When you play a game by Shinji Mikami, the man behind the Resident Evil series and action games such as God Hand and Vanquish, you go into it with certain expectations. You expect to play a game that’s creepy in all the right ways, and that has impeccable control and tight pacing. You expect a game that can capture your imagination and draw you into it’s world. Basically, when you play a Mikami game you expect the best. Earlier this week at E3 when I played The Evil Within I went in with all of these expectations and I didn’t leave disappointed. In fact, I left downright impressed.
The Evil Within plays very much like a sprititual successor to Resident Evil 4. Much more than just the horror theme and similar over the shoulder perspective, The Evil Within just feels like Mikami’s classic with better controls. In this particular demo I was trapped in a small village at night with my doctor companion. We were looking for his assistant who we could hear calling us from all directions and had to explore several houses to find her. Within the first house, a large, mansion-like building, we found a deranged doctor missing part of his skull who was “operating” on an unfortunate victim. This served as my first taste of combat as I had to desperately maneuver around the tight confines of the house to stay out of arm’s reach and shoot at him with (extremely limited) ammo. Upon dying, the game lead me outside where I had to contend with several enemies who appeared to be cultists circled around a giant fire that had engulfed some poor soul.
An interesting mechanic in the combat is that not all enemies will stay down. Headshots (even if they causes the target’s head to explode) may not be fatal, and sometimes (and without warning) the enemy will get back up to pursue you. The only way to prevent this from happening is by using a match to burn the body – a mechanic that harkens back to the original Resident Evil. Although I found more than enough matches to go around, according to a Bethesda rep the final game will have matches be much less common and it will be a tough choice on whether to use one or not.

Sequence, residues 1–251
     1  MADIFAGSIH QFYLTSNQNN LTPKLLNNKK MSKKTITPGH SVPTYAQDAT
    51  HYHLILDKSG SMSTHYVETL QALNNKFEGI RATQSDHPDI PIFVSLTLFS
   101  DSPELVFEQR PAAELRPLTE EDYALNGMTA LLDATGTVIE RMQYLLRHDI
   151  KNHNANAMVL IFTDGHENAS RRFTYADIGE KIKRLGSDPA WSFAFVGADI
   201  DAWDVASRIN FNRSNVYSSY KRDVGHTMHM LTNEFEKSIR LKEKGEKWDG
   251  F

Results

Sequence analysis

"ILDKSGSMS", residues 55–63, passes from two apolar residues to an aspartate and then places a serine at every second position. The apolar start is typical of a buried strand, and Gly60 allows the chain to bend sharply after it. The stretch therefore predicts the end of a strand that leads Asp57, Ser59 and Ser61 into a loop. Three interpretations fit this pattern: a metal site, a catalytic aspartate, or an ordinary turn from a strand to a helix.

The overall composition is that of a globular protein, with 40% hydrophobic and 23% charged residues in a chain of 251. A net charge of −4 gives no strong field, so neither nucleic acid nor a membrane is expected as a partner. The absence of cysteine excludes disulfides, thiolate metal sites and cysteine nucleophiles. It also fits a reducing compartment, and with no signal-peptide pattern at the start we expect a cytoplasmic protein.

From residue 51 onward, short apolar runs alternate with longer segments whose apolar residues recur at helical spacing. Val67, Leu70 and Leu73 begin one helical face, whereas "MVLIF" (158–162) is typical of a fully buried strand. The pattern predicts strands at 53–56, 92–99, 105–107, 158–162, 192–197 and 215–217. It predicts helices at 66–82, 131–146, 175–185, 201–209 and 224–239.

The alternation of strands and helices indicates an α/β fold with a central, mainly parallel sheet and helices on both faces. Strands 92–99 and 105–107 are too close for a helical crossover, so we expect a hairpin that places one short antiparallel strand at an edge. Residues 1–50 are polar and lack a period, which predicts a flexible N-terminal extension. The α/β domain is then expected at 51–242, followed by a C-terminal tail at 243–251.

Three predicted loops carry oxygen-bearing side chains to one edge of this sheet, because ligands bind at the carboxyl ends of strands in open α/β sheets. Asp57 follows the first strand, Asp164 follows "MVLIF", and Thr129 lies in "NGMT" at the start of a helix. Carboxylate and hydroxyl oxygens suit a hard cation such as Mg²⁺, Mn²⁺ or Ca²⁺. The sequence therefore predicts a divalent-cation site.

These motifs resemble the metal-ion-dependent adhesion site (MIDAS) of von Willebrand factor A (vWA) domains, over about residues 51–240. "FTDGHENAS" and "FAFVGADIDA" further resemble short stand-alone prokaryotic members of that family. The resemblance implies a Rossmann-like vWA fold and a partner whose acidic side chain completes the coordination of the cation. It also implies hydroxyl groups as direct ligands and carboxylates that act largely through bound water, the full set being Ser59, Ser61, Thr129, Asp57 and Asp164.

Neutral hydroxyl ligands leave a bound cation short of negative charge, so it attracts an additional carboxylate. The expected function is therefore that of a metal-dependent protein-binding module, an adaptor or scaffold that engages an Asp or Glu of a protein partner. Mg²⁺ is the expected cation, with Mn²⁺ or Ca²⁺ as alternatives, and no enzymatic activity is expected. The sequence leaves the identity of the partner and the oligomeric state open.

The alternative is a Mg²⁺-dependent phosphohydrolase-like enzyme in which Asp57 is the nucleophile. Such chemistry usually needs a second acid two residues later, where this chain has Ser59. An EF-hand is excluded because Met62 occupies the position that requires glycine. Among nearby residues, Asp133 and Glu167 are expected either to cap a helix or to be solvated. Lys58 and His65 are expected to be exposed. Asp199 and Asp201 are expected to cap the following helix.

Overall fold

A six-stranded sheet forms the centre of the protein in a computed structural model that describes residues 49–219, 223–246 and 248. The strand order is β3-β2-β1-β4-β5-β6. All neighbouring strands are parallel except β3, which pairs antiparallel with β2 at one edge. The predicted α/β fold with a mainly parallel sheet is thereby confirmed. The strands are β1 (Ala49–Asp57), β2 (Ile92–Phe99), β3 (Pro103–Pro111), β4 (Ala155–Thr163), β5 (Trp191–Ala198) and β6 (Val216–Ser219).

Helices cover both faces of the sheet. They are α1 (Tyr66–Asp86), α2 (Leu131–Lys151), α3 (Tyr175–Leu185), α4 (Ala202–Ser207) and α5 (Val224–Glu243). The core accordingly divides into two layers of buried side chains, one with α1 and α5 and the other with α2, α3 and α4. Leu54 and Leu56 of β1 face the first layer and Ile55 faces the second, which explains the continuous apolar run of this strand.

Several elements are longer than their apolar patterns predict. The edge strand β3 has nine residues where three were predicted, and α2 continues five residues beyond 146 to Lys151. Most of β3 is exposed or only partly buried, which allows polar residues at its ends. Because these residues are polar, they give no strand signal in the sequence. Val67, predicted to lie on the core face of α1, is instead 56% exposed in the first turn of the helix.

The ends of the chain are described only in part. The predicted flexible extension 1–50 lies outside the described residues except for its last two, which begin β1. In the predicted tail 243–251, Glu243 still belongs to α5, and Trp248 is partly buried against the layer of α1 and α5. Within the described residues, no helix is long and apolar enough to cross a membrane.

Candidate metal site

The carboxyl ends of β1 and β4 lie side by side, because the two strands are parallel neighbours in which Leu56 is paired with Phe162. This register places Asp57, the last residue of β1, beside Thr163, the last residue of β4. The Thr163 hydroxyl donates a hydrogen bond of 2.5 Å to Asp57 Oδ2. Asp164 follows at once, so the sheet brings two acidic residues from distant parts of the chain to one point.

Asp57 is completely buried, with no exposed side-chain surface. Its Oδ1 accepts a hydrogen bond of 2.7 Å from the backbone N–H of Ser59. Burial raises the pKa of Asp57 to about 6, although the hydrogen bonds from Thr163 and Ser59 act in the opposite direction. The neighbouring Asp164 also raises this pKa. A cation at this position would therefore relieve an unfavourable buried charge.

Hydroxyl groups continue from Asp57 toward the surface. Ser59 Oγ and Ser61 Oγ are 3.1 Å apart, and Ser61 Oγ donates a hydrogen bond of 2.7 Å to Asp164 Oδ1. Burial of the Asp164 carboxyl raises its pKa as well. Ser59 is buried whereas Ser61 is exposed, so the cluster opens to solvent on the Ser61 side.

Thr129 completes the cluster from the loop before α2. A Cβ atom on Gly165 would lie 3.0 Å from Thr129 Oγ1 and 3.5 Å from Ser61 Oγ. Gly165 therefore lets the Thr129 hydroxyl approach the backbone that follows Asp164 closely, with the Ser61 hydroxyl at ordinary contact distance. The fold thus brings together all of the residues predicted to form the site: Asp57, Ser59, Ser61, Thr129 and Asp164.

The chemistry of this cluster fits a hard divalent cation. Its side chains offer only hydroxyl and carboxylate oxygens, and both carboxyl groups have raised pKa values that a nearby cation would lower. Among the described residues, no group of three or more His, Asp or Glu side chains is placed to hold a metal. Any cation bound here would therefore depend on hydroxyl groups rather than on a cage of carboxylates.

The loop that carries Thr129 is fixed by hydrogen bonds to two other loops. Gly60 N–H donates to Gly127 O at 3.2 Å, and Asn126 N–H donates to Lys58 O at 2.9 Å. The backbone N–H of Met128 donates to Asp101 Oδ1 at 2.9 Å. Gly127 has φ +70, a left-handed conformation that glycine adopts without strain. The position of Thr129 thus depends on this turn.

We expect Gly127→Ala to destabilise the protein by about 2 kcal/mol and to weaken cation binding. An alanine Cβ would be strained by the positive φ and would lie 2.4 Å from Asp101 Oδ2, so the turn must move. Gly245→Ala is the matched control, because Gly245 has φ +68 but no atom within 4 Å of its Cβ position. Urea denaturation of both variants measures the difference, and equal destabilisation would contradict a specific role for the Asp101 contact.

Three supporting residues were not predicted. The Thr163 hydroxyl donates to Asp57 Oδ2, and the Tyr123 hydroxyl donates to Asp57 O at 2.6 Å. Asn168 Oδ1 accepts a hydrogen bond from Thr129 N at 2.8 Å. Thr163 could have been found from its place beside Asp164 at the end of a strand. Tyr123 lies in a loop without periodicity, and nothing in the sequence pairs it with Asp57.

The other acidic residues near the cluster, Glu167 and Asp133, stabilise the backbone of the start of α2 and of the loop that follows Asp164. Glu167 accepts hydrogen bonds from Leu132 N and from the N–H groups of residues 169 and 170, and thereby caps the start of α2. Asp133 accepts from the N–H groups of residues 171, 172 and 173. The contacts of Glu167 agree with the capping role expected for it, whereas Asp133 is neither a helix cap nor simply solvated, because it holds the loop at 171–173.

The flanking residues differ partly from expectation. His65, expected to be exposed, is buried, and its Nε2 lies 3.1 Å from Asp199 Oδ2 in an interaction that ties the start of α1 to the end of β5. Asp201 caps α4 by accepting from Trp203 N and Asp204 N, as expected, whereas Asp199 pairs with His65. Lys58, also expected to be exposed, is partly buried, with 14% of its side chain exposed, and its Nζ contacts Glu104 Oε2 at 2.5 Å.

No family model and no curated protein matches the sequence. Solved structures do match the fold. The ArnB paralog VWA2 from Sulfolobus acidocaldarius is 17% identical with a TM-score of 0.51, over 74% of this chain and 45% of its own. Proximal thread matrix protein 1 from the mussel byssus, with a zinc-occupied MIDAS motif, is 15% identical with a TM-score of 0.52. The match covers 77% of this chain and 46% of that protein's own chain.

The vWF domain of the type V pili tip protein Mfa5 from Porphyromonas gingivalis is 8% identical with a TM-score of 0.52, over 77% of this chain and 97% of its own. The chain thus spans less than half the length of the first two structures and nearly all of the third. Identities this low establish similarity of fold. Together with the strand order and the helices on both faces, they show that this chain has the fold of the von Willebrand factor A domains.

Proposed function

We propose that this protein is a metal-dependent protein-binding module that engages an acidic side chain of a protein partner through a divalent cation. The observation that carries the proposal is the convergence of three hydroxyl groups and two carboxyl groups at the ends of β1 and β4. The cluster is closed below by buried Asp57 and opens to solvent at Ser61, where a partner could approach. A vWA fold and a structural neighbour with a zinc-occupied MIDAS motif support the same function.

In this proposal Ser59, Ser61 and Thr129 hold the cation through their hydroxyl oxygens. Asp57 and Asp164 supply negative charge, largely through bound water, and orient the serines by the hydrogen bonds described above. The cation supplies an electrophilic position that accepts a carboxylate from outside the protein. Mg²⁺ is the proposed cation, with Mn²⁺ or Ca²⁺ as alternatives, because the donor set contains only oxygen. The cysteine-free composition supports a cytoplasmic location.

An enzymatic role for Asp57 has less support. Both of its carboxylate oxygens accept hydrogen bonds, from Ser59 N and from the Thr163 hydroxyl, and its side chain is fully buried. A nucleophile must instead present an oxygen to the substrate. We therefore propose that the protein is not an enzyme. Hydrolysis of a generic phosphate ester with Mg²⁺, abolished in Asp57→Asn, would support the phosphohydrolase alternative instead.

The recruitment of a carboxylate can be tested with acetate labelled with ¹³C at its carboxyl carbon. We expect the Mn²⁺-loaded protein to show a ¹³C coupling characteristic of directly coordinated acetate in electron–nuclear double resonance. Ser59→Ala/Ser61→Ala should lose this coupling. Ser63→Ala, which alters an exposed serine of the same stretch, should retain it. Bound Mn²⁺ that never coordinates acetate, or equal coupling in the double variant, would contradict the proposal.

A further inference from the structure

Continuing on, I eventually found the doctor’s assistant and had to fight off some powerful enemies. This is where The Evil Within took a more psychological turn to it’s horror. After being approached by (presumably) the game’s ghostly main villain, I was teleported to a strange world full of endlessly looping hallways and pools of blood. I unfortunately ran out of time to finish this portion of the demo (or to try the second demo) but I walked away very impressed. The lighting engine used in The Evil Within is among the best I’ve seen and gives the game a wonderful sense of atmosphere, especially when you see shadows flicker along the walls. Similarly, the sound design was impeccable, with the sounds of the undead shuffling always off in the distant as the floorboards creaked with each step. Despite being in the intensely noisy Convention Center I was more than a little unsettled so I can only imagine how much creepier the game will be in the dead silence of my own home.
There are two main things that should be noted: The first is that the AI of the companion could definitely use some work. He was constantly getting lost or stuck on corners then yelling “Wait for me!” as I travelled on. Nearly any time I went around a corner I’d have to backtrack a little and help him get unstuck. I’m willing to give the game the benefit of the doubt at this point and assume that it will be fixed, but if not it will be an annoying enough problem to drag the game down.
The second thing worth mentioning is that The Evil Within absolutely nails the cinematic style it strives for. The game uses a film-grain effect and is presented in the Cinemascope aspect ratio and it really adds a lot to the experience. At first it’s easy enough to ignore, but it only took a few minutes of playtime to absolutely absorb me into the effect. It looks spectacular in motion.
The Evil Within will be available on PS3, PS4, Xbox 360, Xbox One, and PC this October.